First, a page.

(Republished from Οικονομικό Ταχυδρόμο)
Ioannis Psarakis, Lecturer, LL.M (III), PhD Cand.
Although references to issues related to the General Data Protection Regulation 2016/679 EU (GDPR) have now flooded our daily lives, a brief search on the internet reveals that the Data Protection Impact Assessment (DPIA) seems not to have received in our country the attention it deserves in its (great) importance.
- What is an Impact Assessment?
The preparation of an Impact Assessment Study is often an absolutely necessary pre-processing step for the processing of personal data. Attempting to accompany it with a title, in simple terms, it is the report of a form of 'self-assessment' of the entity that is to carry out a processing operation before it carries out the processing operation (e.g. before CCTV installation and video and audio recording).
- What gave rise to the 'birth' of DPIA - is it useful?
It is a requirement which was not foreseen in the previous regulatory framework. The paradigm shift brought about by the Impact Assessment Study is largely summarised in the following finding (which we also identify in para 89 of the preamble to the GDPR): whereas under the previous regime there was a general obligation to notify the competent supervisory authorities of the processing of personal data, this obligation has now been deemed appropriate to be replaced by effective procedures and mechanisms that focus on those types of processing operations that are likely to result in high This development - i.e. the abandonment of the prior notification regime to supervisory authorities - was substantially contributed to by the observation that the practice followed until then did not in all cases contribute to improving the protection of personal data.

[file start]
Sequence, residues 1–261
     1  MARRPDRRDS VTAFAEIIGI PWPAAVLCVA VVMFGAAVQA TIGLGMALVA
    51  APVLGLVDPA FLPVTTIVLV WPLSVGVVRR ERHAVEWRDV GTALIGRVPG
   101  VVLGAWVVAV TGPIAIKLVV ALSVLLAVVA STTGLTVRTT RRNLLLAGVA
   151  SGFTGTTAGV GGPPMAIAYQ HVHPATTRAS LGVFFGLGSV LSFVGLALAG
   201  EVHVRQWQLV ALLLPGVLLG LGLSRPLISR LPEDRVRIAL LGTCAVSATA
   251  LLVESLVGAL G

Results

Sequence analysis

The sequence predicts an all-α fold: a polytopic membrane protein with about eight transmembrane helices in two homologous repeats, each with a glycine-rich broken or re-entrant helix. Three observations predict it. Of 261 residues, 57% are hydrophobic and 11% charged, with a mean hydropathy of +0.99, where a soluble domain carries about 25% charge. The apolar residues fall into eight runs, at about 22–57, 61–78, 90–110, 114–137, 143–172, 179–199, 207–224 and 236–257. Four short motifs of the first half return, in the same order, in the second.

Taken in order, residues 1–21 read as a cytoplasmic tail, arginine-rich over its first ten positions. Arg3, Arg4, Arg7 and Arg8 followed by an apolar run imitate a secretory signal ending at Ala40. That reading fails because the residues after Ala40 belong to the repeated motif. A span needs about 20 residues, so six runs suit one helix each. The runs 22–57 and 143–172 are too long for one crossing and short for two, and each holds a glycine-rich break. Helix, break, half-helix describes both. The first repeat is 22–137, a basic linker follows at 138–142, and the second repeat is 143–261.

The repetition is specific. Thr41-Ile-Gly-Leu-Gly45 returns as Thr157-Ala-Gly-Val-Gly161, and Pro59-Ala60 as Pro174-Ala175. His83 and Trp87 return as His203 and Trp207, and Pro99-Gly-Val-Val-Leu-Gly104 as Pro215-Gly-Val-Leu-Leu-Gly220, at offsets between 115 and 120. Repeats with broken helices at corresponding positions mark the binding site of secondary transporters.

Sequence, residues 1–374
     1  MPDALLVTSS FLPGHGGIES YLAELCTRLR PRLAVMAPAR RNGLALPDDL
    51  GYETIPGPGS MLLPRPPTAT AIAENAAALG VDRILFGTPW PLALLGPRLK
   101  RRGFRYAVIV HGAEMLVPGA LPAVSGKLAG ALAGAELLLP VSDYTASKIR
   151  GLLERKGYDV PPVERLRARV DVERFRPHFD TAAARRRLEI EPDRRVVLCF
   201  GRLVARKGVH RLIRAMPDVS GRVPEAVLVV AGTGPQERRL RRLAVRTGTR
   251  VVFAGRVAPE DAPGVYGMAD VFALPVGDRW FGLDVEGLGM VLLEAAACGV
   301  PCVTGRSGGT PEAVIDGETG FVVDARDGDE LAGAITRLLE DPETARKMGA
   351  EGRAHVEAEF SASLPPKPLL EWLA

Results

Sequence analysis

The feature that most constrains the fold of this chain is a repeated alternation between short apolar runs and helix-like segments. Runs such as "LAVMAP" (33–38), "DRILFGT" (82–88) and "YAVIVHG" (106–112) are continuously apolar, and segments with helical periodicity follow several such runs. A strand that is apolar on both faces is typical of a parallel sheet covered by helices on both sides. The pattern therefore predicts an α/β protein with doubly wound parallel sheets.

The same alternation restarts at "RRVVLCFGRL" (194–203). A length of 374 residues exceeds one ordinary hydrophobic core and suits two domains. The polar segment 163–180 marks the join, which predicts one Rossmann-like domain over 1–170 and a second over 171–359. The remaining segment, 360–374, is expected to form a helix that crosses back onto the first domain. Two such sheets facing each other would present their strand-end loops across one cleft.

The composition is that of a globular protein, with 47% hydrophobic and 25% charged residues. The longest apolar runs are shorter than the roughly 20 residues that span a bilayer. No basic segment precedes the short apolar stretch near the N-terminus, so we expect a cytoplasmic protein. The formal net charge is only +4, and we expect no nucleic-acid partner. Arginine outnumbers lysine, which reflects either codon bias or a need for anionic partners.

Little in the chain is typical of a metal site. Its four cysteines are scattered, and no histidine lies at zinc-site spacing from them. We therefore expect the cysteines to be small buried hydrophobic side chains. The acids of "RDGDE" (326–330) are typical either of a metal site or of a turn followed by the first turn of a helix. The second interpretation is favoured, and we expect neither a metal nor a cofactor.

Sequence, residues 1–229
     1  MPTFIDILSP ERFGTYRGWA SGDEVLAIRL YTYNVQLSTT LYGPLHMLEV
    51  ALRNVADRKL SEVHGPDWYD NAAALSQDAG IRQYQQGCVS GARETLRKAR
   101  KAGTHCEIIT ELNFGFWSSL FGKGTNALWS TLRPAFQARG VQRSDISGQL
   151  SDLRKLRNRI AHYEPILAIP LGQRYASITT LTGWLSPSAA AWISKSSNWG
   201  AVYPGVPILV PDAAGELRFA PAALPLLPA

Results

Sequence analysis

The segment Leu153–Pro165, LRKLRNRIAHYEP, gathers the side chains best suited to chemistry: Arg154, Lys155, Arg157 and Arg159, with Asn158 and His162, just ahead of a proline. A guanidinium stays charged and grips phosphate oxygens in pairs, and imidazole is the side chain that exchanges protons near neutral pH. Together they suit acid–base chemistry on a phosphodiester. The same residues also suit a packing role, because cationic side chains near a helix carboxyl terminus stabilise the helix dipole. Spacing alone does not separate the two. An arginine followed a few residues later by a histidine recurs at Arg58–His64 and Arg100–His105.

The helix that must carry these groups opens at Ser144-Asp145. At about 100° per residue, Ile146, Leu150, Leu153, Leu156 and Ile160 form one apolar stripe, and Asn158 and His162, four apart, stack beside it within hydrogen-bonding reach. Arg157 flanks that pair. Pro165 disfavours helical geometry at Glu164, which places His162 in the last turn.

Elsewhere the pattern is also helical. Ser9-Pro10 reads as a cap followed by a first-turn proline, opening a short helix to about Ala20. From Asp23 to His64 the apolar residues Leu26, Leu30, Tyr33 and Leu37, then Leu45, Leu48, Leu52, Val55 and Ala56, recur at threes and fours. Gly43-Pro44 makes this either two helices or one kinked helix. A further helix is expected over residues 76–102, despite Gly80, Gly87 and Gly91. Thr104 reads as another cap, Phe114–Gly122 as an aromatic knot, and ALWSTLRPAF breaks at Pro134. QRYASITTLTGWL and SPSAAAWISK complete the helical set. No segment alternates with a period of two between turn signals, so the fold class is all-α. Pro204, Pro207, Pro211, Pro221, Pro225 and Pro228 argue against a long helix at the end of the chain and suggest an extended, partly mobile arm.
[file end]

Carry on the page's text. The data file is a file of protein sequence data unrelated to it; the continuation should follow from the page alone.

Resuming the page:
This approach - for several reasons - is distinguished by its cost-effectiveness. Let us consider the workload of the Hellenic Data Protection Authority (HPA) when, even before an incident of personal data breach occurred, it was burdened with case files that merely involved notification of processing. Now, this burden is shifted to the person who "derives an interest" from the processing. The lightening of the Authority's workload is obvious.
But the DPIA also benefits the person for whom it is drafted. In particular, as is very often observed in practice, during the process of drafting a DPIA (and precisely because of the thorough examination carried out at the outset and on paper), security gaps and issues are identified which, in the event of an audit, would be the cause not only of sanctions but also of a series of negative consequences for the company (corporate profile - the consequences have been highlighted by a number of international publications in the field of marketing science). The DPIA is a catch-all that ultimately leads to self-control and verification.
- What is the minimum content of a DPIA?
A DPIA includes as detailed and systematic a description as possible of the envisaged processing operations, the purposes of the processing (i.e. the processing) and, where applicable, the legitimate interest pursued by the controller (e.g. the company taking the decision to install a CCTV system on its premises to prevent vandalism and criminal acts in general).
An assessment of the necessity and proportionality of the intended processing operation is also provided. To explain this in simple terms, the DPIA attempts to bring together the reasons why any processing operation that is to take place (e.g. image capture by uploading data to the cloud) is a solution not only capable of serving the purposes for which it is intended to be adopted (a common example of a purpose invoked by Data Controllers is the prevention of criminal acts e.g. The most common example of such a measure is the prevention of crime (e.g. in a factory site) but also the least intrusive, compared to others equally appropriate, to the rights of the subjects (i.e. the people being recorded).
For example, a DPIA would put forward reasons why a measure such as the installation of an alarm, although indeed less invasive of rights, would not ensure the security of the premises.